Entry-level DSLR cameras like the Nikon D60 can now be had for less than $550 with a decent lens included. I would seriously consider equipping any of my content producers that showed a talent for photography a camera like the D50.
At the minimum, having a pool of cameras like the D60 that content producers could use would be quite helpful. With a device like the MiFi and a laptop, photos could be easily edited and posted to the Web from almost anywhere.
Netbooks — the low cost, small laptops — are also falling in price. A decent netbook can be had in the $200-300 range. The big advantage of a netbook over a standard laptop is size. A small netbook is small enough and light enough to be tucked into many purses and almost any bag.
Because netbooks are so small and light, they are much easier to always have with you. Netbooks may also make a good choice for news orgs that invested money in desktops and don’t have the cash to buy full-sized notebooks.
What you can get rid of:
- Office phones — There is no real point to journalists having landlines, especially if we are encouraging journalists to get out into the community more. A smartphone can more than handle this duty.
- Less specialized employees — The era of specialized journalists may be coming to an end. By specialized, I mean people who only write, edit, take photos, etc. Most content producers should be able to at least write and take competent photos and video. A news org may still want a few dedicated photographers and videographers around for big stories and high-end content. Journalists will probably be specializing more in beats and niches and less in a specific content production means.
- Desktop computers — There really is no need for reporters to have a desktop computer anymore. The only thing a desktop does well is tether a reporter to the newsroom. Some specialized employees — the few the remain — may still benefit from the power of a desktop, but laptop computers are the better choice for just about every other journalist.
Android Growing Fast, But Not as Fast as iPhone — The mobile space is just starting to explode with several advanced smartphone OSes on the market. The iPhone gets most of the press, but there are other platforms that news organizations and content producers should be keeping a keen eye on (and producing products for). Android is one of those platforms:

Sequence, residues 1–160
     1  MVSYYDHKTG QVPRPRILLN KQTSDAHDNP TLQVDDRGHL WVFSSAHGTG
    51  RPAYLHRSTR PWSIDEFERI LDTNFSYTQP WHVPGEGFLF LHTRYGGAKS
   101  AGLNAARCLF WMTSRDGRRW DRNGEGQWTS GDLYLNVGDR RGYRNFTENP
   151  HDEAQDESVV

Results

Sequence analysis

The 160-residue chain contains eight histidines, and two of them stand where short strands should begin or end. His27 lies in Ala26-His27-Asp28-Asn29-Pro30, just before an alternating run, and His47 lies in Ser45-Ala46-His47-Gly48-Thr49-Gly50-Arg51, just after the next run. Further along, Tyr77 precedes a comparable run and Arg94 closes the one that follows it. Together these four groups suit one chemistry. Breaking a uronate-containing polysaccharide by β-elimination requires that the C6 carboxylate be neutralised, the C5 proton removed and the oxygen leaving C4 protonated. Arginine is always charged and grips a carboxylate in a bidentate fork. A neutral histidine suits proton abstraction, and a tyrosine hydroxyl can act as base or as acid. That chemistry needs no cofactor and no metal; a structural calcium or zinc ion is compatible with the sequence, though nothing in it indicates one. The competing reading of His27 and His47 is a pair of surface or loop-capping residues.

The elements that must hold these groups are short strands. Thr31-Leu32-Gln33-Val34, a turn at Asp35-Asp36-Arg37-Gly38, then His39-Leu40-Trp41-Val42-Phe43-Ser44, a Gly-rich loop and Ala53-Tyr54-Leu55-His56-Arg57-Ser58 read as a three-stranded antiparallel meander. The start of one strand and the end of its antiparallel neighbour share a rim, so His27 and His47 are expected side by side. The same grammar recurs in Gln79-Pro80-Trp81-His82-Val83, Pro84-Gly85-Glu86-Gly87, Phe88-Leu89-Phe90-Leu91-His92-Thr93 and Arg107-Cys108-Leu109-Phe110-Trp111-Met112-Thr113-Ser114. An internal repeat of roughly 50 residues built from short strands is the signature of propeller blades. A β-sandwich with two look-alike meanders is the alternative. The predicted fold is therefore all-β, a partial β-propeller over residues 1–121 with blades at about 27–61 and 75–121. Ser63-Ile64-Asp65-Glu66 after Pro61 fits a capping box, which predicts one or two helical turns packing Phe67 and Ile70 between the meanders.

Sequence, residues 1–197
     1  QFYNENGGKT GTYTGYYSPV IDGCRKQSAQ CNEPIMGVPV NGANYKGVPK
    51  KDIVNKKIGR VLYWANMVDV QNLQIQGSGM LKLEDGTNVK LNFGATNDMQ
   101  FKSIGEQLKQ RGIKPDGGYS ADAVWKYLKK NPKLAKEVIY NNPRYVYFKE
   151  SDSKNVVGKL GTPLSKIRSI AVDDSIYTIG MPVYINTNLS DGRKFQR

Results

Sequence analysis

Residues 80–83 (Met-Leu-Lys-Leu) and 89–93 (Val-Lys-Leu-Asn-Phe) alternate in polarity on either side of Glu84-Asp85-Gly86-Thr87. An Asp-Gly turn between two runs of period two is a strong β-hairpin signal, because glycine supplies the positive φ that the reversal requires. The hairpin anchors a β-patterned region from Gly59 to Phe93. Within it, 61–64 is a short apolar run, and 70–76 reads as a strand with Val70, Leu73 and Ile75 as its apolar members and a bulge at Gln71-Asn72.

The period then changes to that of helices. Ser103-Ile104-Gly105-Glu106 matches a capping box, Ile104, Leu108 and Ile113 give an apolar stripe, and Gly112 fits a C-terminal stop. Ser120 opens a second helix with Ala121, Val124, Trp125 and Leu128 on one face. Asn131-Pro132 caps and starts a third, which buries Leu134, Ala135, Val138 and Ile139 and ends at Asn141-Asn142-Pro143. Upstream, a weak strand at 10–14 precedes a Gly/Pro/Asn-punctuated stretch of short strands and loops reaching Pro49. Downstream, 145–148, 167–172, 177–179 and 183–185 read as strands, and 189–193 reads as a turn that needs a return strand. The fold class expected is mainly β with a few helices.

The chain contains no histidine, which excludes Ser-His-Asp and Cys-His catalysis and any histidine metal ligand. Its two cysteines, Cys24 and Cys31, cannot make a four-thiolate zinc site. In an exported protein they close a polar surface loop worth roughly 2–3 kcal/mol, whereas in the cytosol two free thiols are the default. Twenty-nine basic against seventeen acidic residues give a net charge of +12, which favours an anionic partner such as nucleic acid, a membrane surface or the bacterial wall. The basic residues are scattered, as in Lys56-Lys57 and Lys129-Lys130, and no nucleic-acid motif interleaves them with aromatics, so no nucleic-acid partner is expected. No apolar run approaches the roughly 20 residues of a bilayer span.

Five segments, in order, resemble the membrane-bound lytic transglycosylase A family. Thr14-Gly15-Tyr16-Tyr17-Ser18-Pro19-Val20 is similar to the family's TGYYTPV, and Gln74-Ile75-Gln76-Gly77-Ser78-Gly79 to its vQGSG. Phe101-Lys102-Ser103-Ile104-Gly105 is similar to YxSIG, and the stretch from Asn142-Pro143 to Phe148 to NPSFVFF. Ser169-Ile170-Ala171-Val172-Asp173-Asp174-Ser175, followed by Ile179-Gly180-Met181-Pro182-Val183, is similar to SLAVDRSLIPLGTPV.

Looking at AdMob’s statistics, the HTC Dream, the first Android-based phone, generates 2% of their US requests and is now the fourth smartphone overall, behind the iPhone, BlackBerry Curve, and BlackBerry Pearl. It has also managed to capture 6% share of the smartphone OS market in the US.
Remember that Android is only on one handset right now, and it is still doing pretty well when it comes to mobile Web usage and mobile apps. Android will be appearing on several more handsets later this year and should really begin to take off. Smart news organizations will be watching Android closely. Any smart news organization already has some mobile-focused products and probably at least one iPhone app.
Would You Pay for a Facebook Vanity URL? — “Apparently, Facebook has been asking some of its users whether they would be prepared to pay for a vanity URL. That means having something meaningful as the address of your Facebook profile; for example, “facebook.com/stan” instead of a random string of characters.”
I could see companies like The New York Times being interested in an easy-to-remember URL like facebook.com/nytimes. Or how about facebook.com/beatblogging? I don’t know how much people would be willing to pay for this feature, but I can imagine that many companies would be interested in paying for an easy-to-remember-and-SEOed-up URL If a company is getting value out of Facebook’s non-sensical URLs than it will certainly get even more value out a quality vanity URL.
Facebook, like Twitter, could make money by selling premium features to business customers. Companies are making money off of social networks and wouldn’t mind spending a little money to make even more money.
6 Twitter Search Services Compared — There are several options available for searching Twitter, and Mashable compares six of them. Search.twitter.com was the benchmark they used, and they were able to find alternative search engines that were either more powerful or simpler than search.twitter.com.
Of all the alternative search engines that Mashable looked at Twazzup is probably the best option for content producers, due to its feature-rich nature:
Starting with Twazzup, this is Twitter Search on steroids. For any given query string, you can see results down the left column that are updated in real-time.
A feature I like, albeit slow at times, is if you mouseover an avatar, a bubble pops up with another look at the avatar, a “follow” link to their homepage, and other information from their Twitter.com settings, such as locations, bios, website links, and the number of followers and friends.
Other features are vertical down the right column, including popular tweets, avatars of the trendmakers (those who are responsible for the most retweets), related photos, and the most popular links that people are tweeting or retweeting. In this case, since I typed in “mashable,” you can see @mashable and @tweetmeme. While not an immediate fan of the related photos section, I can see its usefulness during breaking events to be able to view popular twitpics without having to click tweeted links.
Joe Ruiz is the nightside Web editor for KSAT.com in San Antonio, Texas. You can find him on Twitter or at his blog. He is currently working as one of the new media track leaders for the upcoming National Association of Hispanic Journalists convention scheduled for June in San Juan, Puerto Rico.
With a smaller staff at my news organization, we’re at a disadvantage when it comes to covering some stories the way they deserve, but one of the strengths of our newsroom has been breaking news coverage. I have a few people who’ve taken to using social media tools for our work, and it’s actually helped us do our jobs better. One of our reporters and a few of our video journalists have started using Twitter and Qik to provide news coverage faster than our counterparts.